7. Use grocery shopping to illustrate buying for value.

    Just in case you weren’t aware, there isn’t typically any difference between name-brand labels like Green Giant green beans and the generic variety offered by your grocery store. Use this opportunity to teach your children how to shop for value. Present them with two identical groceries—for example, an expensive name-brand jar of peanut butter and a more affordable generic variety—and ask them which one sounds like it would be a better deal. For bonus points, use this exercise while they are learning basic math, because they will find the subject more interesting (or at least less boring) when they understand how it applies to their life.

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    For a list of cheap and healthy foods, grocery savings tips, and a full-length shopping list you can print and take to the store or download to your phone, click here.

    It’s easy to end up with a spoiled child who doesn’t appreciate anything if you let them have everything they want. Follow these seven tips to raise your child in a positive way that helps them become a fiscally responsible adult.

    Are there any extra tips you would add to this list?

    Feel free to pass this article along to any parents you know who might be helped by it!

    More by this author

    Daniel Wallen

    Daniel is a writer who focuses on blogging about happiness and motivation at Lifehack.

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    Last Updated on March 4, 2019

    How to Use Credit Cards While Staying Out of Debt

    How to Use Credit Cards While Staying Out of Debt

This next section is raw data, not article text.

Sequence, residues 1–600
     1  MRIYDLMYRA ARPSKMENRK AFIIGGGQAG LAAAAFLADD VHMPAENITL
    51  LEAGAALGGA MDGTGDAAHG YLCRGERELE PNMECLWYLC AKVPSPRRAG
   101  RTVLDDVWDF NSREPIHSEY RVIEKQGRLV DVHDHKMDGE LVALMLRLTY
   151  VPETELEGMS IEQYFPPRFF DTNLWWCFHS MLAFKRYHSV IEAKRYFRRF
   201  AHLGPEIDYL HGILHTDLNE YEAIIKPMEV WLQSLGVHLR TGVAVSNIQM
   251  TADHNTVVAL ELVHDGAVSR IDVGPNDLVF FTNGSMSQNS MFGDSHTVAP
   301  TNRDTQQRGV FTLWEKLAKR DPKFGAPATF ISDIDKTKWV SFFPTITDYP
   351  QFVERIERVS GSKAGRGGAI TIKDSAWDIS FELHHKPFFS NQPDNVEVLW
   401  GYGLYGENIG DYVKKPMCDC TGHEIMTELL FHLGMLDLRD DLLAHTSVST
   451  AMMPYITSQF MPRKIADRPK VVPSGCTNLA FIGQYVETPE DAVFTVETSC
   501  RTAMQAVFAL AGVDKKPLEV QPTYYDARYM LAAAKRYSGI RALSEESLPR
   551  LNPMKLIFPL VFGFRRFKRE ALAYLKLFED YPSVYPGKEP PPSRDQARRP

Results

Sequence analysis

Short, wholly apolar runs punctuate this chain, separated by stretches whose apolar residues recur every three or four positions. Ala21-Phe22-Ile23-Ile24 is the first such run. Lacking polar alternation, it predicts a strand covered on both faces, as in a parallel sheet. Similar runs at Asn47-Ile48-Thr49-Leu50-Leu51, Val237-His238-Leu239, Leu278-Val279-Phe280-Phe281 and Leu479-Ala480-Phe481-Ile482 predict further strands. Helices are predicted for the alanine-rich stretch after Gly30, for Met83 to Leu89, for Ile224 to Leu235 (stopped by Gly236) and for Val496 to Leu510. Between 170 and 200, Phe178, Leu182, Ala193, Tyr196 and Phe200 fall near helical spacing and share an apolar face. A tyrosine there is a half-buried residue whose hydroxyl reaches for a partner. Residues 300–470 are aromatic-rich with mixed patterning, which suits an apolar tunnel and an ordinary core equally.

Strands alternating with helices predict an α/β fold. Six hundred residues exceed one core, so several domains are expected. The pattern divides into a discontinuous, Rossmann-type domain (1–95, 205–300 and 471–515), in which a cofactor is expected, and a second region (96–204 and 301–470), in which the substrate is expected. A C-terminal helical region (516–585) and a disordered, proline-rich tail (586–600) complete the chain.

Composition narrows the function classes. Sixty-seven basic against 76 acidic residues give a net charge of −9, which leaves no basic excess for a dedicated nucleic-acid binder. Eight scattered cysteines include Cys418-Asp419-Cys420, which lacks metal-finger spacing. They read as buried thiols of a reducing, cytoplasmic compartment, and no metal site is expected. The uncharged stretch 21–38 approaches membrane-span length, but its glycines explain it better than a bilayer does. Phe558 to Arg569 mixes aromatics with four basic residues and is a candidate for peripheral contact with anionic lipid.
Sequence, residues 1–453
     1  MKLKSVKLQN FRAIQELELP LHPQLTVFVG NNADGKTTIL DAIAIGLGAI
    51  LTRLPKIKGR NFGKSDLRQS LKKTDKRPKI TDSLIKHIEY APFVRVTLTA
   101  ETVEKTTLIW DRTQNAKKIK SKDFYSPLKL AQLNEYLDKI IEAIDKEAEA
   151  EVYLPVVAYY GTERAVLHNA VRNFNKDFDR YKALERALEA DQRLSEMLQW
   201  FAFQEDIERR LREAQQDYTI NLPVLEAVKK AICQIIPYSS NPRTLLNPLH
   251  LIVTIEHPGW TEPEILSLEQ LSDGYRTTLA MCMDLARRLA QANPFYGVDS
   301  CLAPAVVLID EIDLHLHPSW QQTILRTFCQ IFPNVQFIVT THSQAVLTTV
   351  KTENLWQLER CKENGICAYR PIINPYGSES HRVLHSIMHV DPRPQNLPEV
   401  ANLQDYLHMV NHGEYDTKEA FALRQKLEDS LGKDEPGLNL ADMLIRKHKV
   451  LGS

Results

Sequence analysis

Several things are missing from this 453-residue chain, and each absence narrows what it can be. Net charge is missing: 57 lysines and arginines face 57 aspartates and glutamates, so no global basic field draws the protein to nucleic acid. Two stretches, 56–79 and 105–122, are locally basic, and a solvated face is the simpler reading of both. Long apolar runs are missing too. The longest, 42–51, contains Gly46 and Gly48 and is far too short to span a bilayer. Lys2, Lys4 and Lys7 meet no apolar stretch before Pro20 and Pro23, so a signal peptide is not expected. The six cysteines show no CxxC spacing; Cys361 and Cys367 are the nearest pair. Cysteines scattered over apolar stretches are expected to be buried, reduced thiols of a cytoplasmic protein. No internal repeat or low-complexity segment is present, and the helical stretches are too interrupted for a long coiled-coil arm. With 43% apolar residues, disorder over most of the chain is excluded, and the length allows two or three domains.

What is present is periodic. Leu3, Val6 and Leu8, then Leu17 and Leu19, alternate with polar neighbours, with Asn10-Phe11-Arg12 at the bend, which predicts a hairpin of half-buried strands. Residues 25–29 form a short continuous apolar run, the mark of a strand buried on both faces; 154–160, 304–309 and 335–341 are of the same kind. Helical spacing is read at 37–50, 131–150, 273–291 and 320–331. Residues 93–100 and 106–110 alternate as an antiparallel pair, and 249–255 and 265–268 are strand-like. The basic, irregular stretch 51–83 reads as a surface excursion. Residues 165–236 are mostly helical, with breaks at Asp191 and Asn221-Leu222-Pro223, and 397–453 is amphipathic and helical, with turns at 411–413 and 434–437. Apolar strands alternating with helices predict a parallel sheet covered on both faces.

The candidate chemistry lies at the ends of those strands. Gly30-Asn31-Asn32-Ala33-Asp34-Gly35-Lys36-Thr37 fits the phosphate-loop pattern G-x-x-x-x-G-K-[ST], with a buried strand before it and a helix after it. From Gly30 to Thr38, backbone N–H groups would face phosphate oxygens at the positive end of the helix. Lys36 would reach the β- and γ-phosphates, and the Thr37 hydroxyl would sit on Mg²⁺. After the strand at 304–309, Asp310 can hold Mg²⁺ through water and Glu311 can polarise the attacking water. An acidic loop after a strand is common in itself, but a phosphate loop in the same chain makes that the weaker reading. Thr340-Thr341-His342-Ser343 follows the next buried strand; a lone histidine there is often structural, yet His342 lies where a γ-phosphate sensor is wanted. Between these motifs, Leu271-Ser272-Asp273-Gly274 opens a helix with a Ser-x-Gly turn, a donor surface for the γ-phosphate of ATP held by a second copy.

Many people will suggest that the best thing to do with your credit cards during these tough economic times is to cut them up with a pair of scissors. Indeed, if you are already in huge debt, you probably should stop using them and begin a payback strategy immediately. However, if you are not currently in trouble with your credit cards, there are wise ways to use them.

    I happen to really love my credit cards so I will share with you my approach to how I use mine without getting into deep financial trouble.

    Ever since about 1983 when I got my first Visa card, I continue to charge as many of my purchases as possible on credit. Everything from gas, groceries and monthly payments for services like my cable and home security monitoring are charged on credit. Despite my heavy usage, I have maintained the joy of never paying any interest fees at all on any of my credit cards.

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    Here are some tips on how best to use your credit cards without falling into the trap of paying those nasty double-digit interest fees.

    Do Not Treat Credit Cards as Your Funding Sources